python crawler - cookie handling of requests module

Keywords: Python crawler

cookie handling of requests module

Stateless HTTP

HTTP statelessness means that the HTTP protocol has no memory ability for transaction processing, that is, the server does not know what the state of the client is. When we send a request to the server, the server parses the request and then returns the corresponding response. The server is responsible for completing this process, and this process is completely independent. The server will not record the changes in the state before and after, that is, the state record is missing. This means that if the previous information needs to be processed later, it must be retransmitted, which leads to the need to pass some previous repeated requests in order to obtain the subsequent response. However, this effect is obviously not what we want. In order to maintain the front and back status, we certainly can't retransmit all the previous requests once, which is a waste of resources, and it's even more difficult for users to log in to the page.

At this time, two technologies to maintain http connection appear, namely session and cookie. The session is on the server side and is used to save the user's session information. The cookie is on the client side. With a cookie, the browser will automatically attach a cookie and send it to the server the next time it visits the web page. The server identifies the cookie and identifies which user it is, then judges the relevant status of the user, and then returns the corresponding response.

  • Session: session (object) is used to store the attributes and configuration information required for a specific user to have a session.
  • cookie: refers to the data stored on the user's local terminal by some websites in order to identify the user's identity and track the session.
  • Session maintenance: when the client requests the server for the first time, the server will return a response object with a set cookie field in the response header. The cookie will be stored by the client. This field indicates that the server has created a session object for the client user to store the relevant attributes and machine configuration information of the user. When the browser next requests the website, the browser will put the cookie in the request header and submit it to the server. The cookie carries the ID information of the corresponding session. The server will check the cookie to find out what the corresponding session is, and then judge the session to identify the user status.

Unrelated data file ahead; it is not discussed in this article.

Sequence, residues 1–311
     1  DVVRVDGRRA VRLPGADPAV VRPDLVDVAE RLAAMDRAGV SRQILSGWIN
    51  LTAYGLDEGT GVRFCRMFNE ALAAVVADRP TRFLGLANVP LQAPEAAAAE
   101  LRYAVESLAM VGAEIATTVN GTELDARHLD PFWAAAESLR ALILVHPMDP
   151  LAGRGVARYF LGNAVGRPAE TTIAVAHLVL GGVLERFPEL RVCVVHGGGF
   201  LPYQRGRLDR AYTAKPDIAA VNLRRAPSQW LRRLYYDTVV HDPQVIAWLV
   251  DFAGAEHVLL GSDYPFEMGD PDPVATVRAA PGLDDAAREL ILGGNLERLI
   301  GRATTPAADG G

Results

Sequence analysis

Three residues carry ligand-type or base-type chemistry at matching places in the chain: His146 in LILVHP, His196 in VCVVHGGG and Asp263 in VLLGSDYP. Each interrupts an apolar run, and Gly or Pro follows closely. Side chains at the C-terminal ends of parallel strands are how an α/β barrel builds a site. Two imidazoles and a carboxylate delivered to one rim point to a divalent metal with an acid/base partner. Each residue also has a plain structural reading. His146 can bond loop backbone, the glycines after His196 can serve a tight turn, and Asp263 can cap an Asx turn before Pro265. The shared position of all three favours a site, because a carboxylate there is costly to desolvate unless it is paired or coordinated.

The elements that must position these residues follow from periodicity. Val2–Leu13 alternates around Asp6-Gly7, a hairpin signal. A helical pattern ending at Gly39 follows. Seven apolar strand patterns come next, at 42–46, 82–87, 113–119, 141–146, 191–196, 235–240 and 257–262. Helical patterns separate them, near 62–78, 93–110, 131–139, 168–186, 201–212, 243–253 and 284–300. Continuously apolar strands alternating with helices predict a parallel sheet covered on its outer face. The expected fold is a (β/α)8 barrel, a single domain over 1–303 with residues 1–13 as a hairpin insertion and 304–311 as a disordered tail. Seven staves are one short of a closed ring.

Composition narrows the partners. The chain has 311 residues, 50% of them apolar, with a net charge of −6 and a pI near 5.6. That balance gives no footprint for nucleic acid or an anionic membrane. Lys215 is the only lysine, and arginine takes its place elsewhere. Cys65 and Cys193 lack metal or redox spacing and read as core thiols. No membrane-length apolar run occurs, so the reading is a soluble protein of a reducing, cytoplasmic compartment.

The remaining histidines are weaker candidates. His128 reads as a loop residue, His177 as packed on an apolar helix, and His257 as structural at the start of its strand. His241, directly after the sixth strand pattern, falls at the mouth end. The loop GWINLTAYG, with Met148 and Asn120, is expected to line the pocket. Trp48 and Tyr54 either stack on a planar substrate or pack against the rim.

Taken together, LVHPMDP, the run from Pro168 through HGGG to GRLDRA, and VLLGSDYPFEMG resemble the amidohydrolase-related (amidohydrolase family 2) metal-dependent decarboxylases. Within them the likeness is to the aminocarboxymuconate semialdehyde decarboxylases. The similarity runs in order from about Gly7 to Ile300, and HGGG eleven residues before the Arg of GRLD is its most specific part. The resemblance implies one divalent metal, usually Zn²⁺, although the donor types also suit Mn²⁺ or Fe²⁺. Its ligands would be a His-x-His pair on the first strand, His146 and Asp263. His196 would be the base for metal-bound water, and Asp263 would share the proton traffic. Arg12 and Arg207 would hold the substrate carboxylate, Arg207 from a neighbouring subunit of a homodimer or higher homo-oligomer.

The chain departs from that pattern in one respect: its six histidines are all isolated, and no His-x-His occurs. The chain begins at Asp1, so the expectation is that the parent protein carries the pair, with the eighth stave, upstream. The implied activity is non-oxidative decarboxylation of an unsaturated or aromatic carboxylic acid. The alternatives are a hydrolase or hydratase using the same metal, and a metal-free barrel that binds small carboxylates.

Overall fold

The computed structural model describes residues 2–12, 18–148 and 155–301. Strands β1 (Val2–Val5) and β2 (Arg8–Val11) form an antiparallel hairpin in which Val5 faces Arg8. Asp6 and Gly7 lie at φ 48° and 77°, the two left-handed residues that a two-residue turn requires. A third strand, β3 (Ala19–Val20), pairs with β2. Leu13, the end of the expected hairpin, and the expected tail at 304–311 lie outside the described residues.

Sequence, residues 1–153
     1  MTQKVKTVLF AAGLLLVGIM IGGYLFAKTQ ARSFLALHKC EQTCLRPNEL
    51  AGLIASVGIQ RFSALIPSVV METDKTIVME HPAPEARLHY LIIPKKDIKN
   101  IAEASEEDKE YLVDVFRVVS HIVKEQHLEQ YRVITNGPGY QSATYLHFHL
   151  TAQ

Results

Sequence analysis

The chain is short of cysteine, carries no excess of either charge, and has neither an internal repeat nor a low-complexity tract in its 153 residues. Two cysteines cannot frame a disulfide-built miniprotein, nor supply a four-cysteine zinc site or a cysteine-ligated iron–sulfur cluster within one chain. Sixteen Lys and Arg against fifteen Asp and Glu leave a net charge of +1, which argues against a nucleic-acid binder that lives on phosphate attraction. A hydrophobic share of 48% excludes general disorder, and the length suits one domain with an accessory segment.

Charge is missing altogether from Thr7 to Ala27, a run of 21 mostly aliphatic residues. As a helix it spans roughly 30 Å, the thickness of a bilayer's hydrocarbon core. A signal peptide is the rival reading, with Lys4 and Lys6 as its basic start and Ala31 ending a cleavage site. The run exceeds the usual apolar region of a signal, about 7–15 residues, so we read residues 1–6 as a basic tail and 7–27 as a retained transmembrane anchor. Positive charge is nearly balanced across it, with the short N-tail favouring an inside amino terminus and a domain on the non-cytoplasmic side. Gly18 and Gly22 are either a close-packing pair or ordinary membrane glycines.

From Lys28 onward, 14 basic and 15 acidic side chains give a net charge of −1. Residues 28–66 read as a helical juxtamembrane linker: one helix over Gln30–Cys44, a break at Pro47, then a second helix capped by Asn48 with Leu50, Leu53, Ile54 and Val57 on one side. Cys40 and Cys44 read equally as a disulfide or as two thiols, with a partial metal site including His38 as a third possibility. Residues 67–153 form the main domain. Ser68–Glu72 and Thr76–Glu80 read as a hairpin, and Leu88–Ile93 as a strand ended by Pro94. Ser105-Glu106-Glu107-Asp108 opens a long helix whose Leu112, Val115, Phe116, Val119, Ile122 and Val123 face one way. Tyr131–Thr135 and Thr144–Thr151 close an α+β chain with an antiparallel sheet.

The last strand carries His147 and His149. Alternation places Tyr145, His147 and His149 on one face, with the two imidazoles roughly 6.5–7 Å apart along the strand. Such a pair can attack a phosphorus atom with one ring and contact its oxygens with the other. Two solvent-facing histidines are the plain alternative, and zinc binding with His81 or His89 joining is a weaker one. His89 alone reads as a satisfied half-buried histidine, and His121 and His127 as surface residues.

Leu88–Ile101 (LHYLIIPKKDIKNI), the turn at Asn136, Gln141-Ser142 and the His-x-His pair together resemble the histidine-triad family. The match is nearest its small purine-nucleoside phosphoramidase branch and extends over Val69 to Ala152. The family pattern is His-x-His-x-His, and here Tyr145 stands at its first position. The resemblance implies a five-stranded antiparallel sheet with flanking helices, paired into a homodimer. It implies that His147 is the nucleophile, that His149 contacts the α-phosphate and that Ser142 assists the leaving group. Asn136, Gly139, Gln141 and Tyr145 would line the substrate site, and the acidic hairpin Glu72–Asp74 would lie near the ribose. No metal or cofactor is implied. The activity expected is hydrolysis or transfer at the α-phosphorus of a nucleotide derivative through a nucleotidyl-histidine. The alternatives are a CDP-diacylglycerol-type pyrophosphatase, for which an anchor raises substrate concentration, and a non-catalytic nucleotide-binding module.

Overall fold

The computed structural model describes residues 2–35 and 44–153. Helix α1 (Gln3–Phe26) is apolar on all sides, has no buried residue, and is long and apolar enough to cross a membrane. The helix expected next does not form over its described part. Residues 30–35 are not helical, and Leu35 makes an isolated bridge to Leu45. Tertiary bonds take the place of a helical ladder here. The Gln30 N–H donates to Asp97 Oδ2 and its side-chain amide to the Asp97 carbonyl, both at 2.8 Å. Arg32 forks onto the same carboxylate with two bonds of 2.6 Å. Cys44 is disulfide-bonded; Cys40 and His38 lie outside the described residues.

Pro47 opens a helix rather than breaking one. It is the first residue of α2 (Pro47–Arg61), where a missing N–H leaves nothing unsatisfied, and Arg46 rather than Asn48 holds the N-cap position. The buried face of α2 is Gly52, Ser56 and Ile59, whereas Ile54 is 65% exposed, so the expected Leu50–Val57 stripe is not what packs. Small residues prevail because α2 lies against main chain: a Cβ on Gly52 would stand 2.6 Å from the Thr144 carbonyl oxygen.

Cookie processing

  • Manual processing: obtain the cookie value through the packet capture tool and encapsulate the value into headers. (not recommended)

  • Automatic processing:

    • session object:

      • effect:
        • 1 can send the request
        • 2 if a cookie is generated during the request process, the cookie will be automatically stored / carried in the session object
    • Create a session object: session=requests.Session()

    • Send the simulated Login post request using the session object (the cookie will be stored in the session)

    • The session object sends the get request corresponding to the personal home page (carrying a cookie)

Actual combat - log in to github

Capturing packets during login and discovering session

The data in this page is the data sent by the page to the server

However, we need to note that when using a session to initiate a login request

'authenticity_token': 'U8ozEYmWnxB7GXxIVB+uG3naw5v9o88hm/Tz0kFSPaHPPTRwqkzlW0KcKuNhFYkEfatrDqsSr206jUt+lonCHQ==',

The value value of the parameter looks like a set of ciphertext data, so the data is likely to change dynamically, so it needs to be captured and assigned dynamically. If this parameter is not processed, the login will fail. So where should the value be captured dynamically? This value can be uniformly called the dynamic token parameter. Generally, this value will be dynamically stored in the foreground page corresponding to the request. Therefore, we search in the source code of the login page. Then use xpath statements to match

import requests
from lxml import etree

headers = {
 'User-Agent': 'Mozilla/5.0 (Macintosh; Intel Mac OS X 10_12_0) AppleWebKit/537.36 (KHTML, like Gecko) Chrome/72.0.3626.121 Safari/537.36',
 'Connection': 'close',
#Create a session object that can call get and post to initiate requests
session = requests.Session()
#Make a request to the login page using the session face
page_text = session.get(url='',headers=headers).text
#Resolve the dynamic token value
tree = etree.HTML(page_text)
t = tree.xpath('//*[@id="login"]/form/input[2]/@value')[0]
#Specifies the url of the simulated login request
url = ''
#Parameter encapsulation (handling dynamic token values)
data = {
    'commit': 'Sign in',
    'authenticity_token': t,
    'login': 'xxxxxxxxxxxx',
    'password': 'xxxxxxxxxxx',
    'webauthn-support': 'supported',
    'webauthn-iuvpaa-support': 'supported',
    'return_to': '',
    'timestamp': '1634133256609',
    'timestamp_secret': 'ed0138c3f1f7e90eb0aab250436132b1d9716ae4c1fe043621146d69a6f23040'
#Send simulated login request using session object (with cookie)
page_text =,headers=headers,data=data).text
#Persistent storage
with open('./git.html','w',encoding='utf-8') as fp:

Note: this note is a study note and the content is a tutorial of station b

Posted by ubuntu-user on Wed, 13 Oct 2021 08:37:55 -0700